For these reasons, I would not recommend to think in terms of what "makes more sense" or "seems more appropriate" from a narrative point of view, when making house rules on the skills list, but instead I think it's best to focus on mechanical balance. Which, of course, is not very solid to start with, when you have a single skill for all Perception tasks :/
 

Minigiant

Legend
Supporter
I don't see any problems with your house rules.

There are way too many people thinking that the skill system is closed and rigid, that every task must be covered by one and only one skill, that skill proficiencies must not overlap... they also forget that proficiencies are mainly just a bonus, not a requirement, unless the DM wants to enforce some difference between proficient and non-proficient characters (which I do, by the way).

When you change the skill list, IMHO the only important thing is that you should strive for all proficiencies to be more or less equally useful, so that taking one proficiency for your PC has more or less the same opportunity cost for the same benefit.

I agree.

I wouldn't make something like Etiquette or Law part of the default skills of D&D because few tables get into the depths of a world's legal, business, and land ownership systems. For most it's just a simple Cha check to start up and a roll on some table.

But when I DM, the machinations of the elite and unsavory become more and more intrusive as PCs gain level aka power. And being an overly passive participator in the game is choice and a dangerous or limiting one. Wizards live in secluded towers to get away from it all.
While I am generally not a fan of Dungeoneering and Streetwise (IMO a bit too loosely defined and all-encompassing), they can be ok in your own games. It doesn't matter if they overlap with other skills, as long as they don't completely include them. For example, I wouldn't let a Dungeoneering check to replace a Thieves' Tools check in all cases, otherwise it might be better to just drop the latter from the game

Thieves tools really should have been a skill and called Thievery or Skullduggery or something. It's way more useful than what a tool proficiency should be.

Especially after the Tasha previews, it's clear that tools proficiency was intended to be minor and ultraspecific compared to the broader use of skills. Woodcarver's tools only work on wooden objects. Thieves tools work on locks and traps, 2 of the most common obstacles in D&D.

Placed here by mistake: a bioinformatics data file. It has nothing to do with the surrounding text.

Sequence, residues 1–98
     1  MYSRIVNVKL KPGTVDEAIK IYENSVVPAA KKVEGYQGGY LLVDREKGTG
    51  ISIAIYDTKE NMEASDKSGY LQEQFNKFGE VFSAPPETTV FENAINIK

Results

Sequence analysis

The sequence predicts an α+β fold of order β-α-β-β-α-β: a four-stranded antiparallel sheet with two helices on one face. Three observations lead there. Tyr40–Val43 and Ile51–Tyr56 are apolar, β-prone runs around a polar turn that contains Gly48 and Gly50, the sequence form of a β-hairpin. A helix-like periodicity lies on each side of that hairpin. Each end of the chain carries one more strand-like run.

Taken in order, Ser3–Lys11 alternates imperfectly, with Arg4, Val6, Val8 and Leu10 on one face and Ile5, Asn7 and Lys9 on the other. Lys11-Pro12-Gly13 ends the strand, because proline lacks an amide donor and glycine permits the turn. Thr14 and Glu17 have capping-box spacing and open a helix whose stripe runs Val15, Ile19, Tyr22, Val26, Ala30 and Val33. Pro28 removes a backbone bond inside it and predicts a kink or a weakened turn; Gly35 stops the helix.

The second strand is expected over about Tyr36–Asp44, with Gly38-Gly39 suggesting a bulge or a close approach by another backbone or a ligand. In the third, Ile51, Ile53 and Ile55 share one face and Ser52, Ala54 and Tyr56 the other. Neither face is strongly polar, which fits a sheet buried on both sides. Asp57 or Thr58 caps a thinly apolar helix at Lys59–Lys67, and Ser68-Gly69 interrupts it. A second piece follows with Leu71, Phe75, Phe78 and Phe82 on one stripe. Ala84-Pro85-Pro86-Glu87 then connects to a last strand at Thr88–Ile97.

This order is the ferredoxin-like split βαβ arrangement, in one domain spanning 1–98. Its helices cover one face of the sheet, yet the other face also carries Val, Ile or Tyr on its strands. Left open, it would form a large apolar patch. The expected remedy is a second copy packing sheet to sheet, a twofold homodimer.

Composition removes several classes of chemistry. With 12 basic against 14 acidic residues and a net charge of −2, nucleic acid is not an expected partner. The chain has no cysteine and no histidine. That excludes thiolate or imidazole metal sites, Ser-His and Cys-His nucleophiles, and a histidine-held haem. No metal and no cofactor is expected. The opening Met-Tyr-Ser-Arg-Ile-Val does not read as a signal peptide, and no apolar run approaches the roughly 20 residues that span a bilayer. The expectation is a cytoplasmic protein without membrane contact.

Dungeoneering is really half the artisan tools combined (carpenter, leatherworker, mason, smith, woodcarver) along with some monster lore. Without a general Academics or Engineering skill, dungeoneering could fill a gap if DMs called for more exploration checks in dungeons.

But it would ease the power of Perception in dungeons. I would be okay with Arcana, Nature, Dungeoneering, and Streetwise replacing Perception or Stealth in extraplanar, natural, dungeon, and urban environments in 6e.
 

Dungeoneering is really half the artisan tools combined (carpenter, leatherworker, mason, smith, woodcarver) along with some monster lore.
Which frankly is a bizarre combination.

Without a general Academics or Engineering skill, dungeoneering could fill a gap if DMs called for more exploration checks in dungeons.
I'd much rather have general academics and engineering skills.
 

Minigiant

Legend
Supporter
Which frankly is a bizarre combination

Not really.

It hints to a overarching culture of archeologists, adventurers, tomb pillagers, and dungeon delvers that shares knowledge and forms a soceity. Adventurers guilds and such.

But base D&D doesn't have that as socially D&D defaults to medieval eras not late renaissance or early industrial eras. Except thieves tools.